Machine vision (MV) is a branch of engineering that uses computer vision in the context of manufacturing. While the scope of MV is broad and a comprehensive definition is difficult to distil, a "generally accepted definition of machine vision is '... the analysis of images to extract data for controlling a process or activity. Put another way, MV processes are targeted at "recognizing the actual objects in an image and assigning properties to those objects--understanding what they mean.
The first step in the MV process is acquisition of an image, typically using cameras, lenses, and lighting that has been designed to provide the differentiation required by subsequent processing. MV software packages then employ various digital image processing techniques to allow the hardware to recognize what it is looking at.
Techniques used in MV include: thresholding (converting an image with gray tones to black and white), segmentation, blob extraction, pattern recognition, barcode reading, optical character recognition, gauging (measuring object dimensions), edge detection, and template matching (finding, matching, and/or counting specific patterns).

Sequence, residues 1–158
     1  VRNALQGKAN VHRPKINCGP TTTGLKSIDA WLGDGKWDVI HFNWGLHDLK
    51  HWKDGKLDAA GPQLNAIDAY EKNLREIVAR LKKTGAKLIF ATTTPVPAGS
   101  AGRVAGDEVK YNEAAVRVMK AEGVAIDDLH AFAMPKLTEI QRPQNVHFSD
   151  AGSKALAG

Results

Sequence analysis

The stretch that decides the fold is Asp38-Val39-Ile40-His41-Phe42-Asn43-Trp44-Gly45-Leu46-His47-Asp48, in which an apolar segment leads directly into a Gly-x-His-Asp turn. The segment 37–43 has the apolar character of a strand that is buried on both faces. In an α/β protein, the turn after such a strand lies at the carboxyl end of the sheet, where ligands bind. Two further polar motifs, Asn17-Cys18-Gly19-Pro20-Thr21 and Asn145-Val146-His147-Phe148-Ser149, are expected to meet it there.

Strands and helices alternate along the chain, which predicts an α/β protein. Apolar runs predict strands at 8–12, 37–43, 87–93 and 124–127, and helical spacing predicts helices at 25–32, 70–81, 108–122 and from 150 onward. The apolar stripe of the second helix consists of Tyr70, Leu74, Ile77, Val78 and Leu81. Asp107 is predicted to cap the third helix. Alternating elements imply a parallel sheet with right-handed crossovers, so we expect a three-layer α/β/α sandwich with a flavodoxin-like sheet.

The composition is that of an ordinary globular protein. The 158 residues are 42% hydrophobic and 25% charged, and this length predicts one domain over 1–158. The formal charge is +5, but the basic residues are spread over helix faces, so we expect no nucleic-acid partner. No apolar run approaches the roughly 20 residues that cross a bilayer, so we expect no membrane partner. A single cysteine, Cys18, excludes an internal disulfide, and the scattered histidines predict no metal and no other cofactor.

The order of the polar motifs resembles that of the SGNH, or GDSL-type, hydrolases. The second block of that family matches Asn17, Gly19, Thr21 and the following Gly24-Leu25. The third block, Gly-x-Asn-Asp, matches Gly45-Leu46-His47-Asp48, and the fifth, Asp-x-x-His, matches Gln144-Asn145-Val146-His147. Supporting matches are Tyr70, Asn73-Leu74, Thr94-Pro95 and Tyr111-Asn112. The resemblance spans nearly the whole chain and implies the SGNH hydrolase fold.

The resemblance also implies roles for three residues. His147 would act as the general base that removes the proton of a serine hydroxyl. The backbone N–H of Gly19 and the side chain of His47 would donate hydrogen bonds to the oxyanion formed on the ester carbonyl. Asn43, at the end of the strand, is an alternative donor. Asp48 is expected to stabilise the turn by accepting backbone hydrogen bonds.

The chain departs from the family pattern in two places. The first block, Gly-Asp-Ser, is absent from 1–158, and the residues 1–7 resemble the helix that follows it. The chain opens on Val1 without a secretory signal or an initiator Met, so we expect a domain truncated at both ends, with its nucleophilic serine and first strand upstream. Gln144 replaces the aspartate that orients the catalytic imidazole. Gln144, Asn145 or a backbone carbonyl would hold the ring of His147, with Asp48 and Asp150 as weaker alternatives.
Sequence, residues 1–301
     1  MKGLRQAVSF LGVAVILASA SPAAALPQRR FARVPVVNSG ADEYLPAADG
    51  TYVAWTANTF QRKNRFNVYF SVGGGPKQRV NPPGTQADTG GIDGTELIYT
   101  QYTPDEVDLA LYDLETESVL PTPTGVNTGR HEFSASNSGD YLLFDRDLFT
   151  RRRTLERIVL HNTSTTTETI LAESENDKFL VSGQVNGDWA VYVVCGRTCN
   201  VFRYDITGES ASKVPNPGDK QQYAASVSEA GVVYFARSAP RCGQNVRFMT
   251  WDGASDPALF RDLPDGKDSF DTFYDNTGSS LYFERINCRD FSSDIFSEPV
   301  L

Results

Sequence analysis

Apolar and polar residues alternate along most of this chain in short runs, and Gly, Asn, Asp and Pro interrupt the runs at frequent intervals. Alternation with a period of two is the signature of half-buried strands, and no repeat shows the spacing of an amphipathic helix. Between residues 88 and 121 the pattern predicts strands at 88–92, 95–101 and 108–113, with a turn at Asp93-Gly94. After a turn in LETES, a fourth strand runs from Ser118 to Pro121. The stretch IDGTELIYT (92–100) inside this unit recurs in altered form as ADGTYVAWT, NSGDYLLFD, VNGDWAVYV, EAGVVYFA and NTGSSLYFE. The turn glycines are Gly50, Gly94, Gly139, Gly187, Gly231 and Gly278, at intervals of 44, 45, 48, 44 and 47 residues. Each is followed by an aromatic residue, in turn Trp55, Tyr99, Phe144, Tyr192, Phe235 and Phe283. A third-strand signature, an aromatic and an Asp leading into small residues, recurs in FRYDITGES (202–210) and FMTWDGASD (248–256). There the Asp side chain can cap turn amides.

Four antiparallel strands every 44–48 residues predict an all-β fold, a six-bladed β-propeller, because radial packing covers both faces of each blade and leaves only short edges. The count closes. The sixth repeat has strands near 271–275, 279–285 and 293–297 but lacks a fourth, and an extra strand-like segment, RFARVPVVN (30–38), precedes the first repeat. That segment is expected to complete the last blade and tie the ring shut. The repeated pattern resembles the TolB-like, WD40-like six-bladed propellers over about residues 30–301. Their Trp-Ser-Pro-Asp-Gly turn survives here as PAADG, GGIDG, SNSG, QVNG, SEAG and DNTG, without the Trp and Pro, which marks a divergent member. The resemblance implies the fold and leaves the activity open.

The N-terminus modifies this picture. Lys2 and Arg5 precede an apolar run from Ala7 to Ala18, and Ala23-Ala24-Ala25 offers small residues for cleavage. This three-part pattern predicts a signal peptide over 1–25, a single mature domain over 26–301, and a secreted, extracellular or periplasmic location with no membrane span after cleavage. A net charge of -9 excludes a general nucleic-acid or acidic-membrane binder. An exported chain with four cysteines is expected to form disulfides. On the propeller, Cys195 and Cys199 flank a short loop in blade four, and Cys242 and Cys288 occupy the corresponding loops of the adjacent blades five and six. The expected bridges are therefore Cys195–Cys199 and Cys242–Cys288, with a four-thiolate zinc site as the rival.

Machine vision refers to applications in which the PC automatically makes a decision based on visual input from a camera. Machine vision is a term typically used in industrial manufacturing, where applications range from culling blemished oranges from a conveyor belt to saving lives by inspecting to ensure that the correct drug capsule has been placed in the package before the product is shipped to the pharmacy. Three dimensional vision based measurement systems have made their presence into production metrology applications, notably in the electronics field. However, in the more traditional fields of durable goods now dominated by hard gauges and CMMs, 3D optical systems has been hindered by perceptions and real limitations. This paper will review where 3D vision is today, and what advances have been made to enable more quantitative, shop floor metrology applications. The field of 3D machine vision is a less established field, but one that is actively growing today. Three dimensional vision based measurements have come a long way in the past few years, moving from purely visualization tools that generate attractive color pictures, to serious measurement tools. These 3D systems include laser scanning, structured light, stereo viewing, and laser radar just to name a few.
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